The night before last I babysat my brand-new granddaughter for the first time. What a treat. A whole evening to snuggle her, all to myself.
Just last week my daughter rolled her eyes at me and said, “Mom, why are you so into her?”
Oh please. (People warned me it would be love at first sight, but you really don’t know till you experience it just how hard and how quickly a grandchild can grab your heart.)
But I digress.
Speaking of heart-grabbing, though, the REASON I got to babysit Willa was that Heather and Jacob were going out on their FIRST DATE. Well, obviously, not their FIRST first date. What I mean is, their first date post-baby (three weeks). I joked with them on their way out the door, “You’re probably going to sit across the table from each other and wonder what you talked about before you had a baby.”
I was so glad they did that, though. Hats off to them. I’m glad they’ve picked up on the important truth that DATING YOUR SPOUSE IS SO IMPORTANT, whether your kids are newborns, teenagers, or adults.
Where do we find time? We MAKE time. My life is as crazy as yours is. Really, most people’s lives are, aren’t they? A whirlwind of work, appointments, kids and their activities, household chores and responsibilities—not to mention church and community volunteering, time with friends and extended family, and more!
But come on, folks, there are NO EXCUSES.
Romance (and all intimacy, really) starts with simply connecting relationally. It’s something that needs to be cultivated and nurtured. It won’t just happen (or stay hot) on its own. You’ve got to work at it.
I totally agree with what I recently read from relationship expert Michelle Weiner-Davis, who cites kids as being a major reason for romantic disconnect in a marriage. “As a culture, we have become very child-focused and parents feel like they need to spend all their free time with their kids,” she explains, “but parents should spend time with one another for their kids. If they don’t spend time with one another, they’re not bonding or building [on their] friendship.”
Michelle says that, as a practicing marriage counselor, she is often able to cut to the root of the problem in the couples she counsels by asking one simple question: “When was the last time you went on a date?”
Now, let me point out that a “date” is not going to your kids’ soccer game together, attending church together, doing your yard work at the same time, or lying in bed watching TV. A date is doing something you both enjoy together, without any distractions, that allows you the opportunity to reconnect with each other and re-affirm what drew you together in the first place.
Doug and I are coming up on our 29th wedding anniversary this summer. When I tell people that (for example, it came up at the doctor’s office just yesterday), I always get comments. “Wow, you don’t hear that much these days.” Or “Good for you; that’s amazing.”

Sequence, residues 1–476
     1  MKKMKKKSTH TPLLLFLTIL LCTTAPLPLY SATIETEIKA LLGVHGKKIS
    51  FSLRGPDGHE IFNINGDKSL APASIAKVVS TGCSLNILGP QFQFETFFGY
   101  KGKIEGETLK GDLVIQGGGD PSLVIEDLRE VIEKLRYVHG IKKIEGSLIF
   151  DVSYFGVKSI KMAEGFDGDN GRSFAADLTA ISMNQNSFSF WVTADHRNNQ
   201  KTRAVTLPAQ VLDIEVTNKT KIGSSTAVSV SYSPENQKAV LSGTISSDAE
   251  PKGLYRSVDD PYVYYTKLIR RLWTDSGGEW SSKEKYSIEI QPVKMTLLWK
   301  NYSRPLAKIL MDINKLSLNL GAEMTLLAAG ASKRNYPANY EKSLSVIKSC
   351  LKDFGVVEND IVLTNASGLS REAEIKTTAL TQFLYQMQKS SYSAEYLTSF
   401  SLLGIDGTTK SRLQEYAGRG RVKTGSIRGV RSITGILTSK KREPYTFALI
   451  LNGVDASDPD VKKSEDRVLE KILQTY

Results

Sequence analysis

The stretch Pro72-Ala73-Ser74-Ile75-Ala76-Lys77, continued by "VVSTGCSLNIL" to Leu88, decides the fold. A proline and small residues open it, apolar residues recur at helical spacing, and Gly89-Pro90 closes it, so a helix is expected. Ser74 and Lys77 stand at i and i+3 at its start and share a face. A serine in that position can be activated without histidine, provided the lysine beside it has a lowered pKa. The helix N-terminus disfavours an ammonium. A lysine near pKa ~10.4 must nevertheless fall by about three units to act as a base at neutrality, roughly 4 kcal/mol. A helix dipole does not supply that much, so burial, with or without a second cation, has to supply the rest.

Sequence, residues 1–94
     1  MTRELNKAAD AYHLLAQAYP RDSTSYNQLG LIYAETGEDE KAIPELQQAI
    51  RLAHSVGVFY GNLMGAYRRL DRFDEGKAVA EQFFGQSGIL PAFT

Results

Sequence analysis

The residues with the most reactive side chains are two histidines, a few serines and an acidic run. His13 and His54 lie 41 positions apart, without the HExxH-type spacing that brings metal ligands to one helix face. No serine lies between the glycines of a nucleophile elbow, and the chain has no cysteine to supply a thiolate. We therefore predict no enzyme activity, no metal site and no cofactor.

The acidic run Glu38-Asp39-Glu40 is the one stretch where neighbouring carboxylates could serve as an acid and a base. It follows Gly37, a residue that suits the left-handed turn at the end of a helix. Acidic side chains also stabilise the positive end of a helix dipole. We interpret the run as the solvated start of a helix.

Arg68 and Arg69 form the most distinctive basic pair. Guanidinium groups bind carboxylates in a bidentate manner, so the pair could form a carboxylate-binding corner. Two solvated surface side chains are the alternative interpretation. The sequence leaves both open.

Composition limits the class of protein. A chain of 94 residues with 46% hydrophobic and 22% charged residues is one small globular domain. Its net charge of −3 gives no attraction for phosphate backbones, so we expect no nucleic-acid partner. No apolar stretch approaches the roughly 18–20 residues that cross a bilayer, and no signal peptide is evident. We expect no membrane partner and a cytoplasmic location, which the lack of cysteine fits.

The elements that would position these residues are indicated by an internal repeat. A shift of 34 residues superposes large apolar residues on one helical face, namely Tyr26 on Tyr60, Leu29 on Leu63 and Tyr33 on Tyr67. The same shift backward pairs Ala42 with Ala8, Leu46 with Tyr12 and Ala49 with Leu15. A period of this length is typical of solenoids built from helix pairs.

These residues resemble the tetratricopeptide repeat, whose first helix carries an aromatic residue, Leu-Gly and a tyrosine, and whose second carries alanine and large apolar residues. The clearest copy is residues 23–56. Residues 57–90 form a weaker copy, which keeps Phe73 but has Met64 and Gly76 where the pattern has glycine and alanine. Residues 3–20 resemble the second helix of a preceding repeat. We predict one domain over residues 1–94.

I don’t know that it’s so amazing; I wish it were the status quo! But while Doug and I certainly haven’t done everything right along the way, there is one thing we’ve prioritized that I think has been a consistent source of relational “glue” in our relationship. (I call it glue because it helps us stick together. )
We have always made time to get out by ourselves, even when our five kids were small and we were struggling to make ends meet on a single income. They may have been cheap dates during some of those years, but we figured out how to make it work. And at least once a year, we’ve gone away together, just the two of us. We leaned on Grandma and Grandpa. We traded babysitting with friends. And when the older kids were old enough to watch the younger kids, we left them alone and prayed they wouldn’t kill each other. (Just kidding.)
Do you need creative ideas? Go get an ice cream cone and go for a walk on the waterfront (we can do that in our town). Dinner and a movie (you should definitely include the dinner part because if it’s just a movie you won’t talk). A hike. A ball game. A concert. A museum or art gallery. A car race or sports event. You know yourselves and what you like (and what each other likes).
Doug and me at a baseball game last weekend
The activity is not as important as the time spent together alone, applying a little relational glue. It will help you maintain your identity as a couple, not two individuals living in the same house and rushing madly through life at the same time, with the same scenery, but never connecting in a meaningful way.
I think our families, our communities, and the next generation as a whole would be a whole lot better off if more of us paid attention to our coupleness. I can’t fix the world, but I can work on me, and so can you.
So, when’s the last time YOU dated YOUR spouse? If it’s been a while, will you schedule it into your calendar and make it happen? And if you and your spouse are regular daters, please share your best ideas with the rest of us.
What’s your favorite date with your spouse?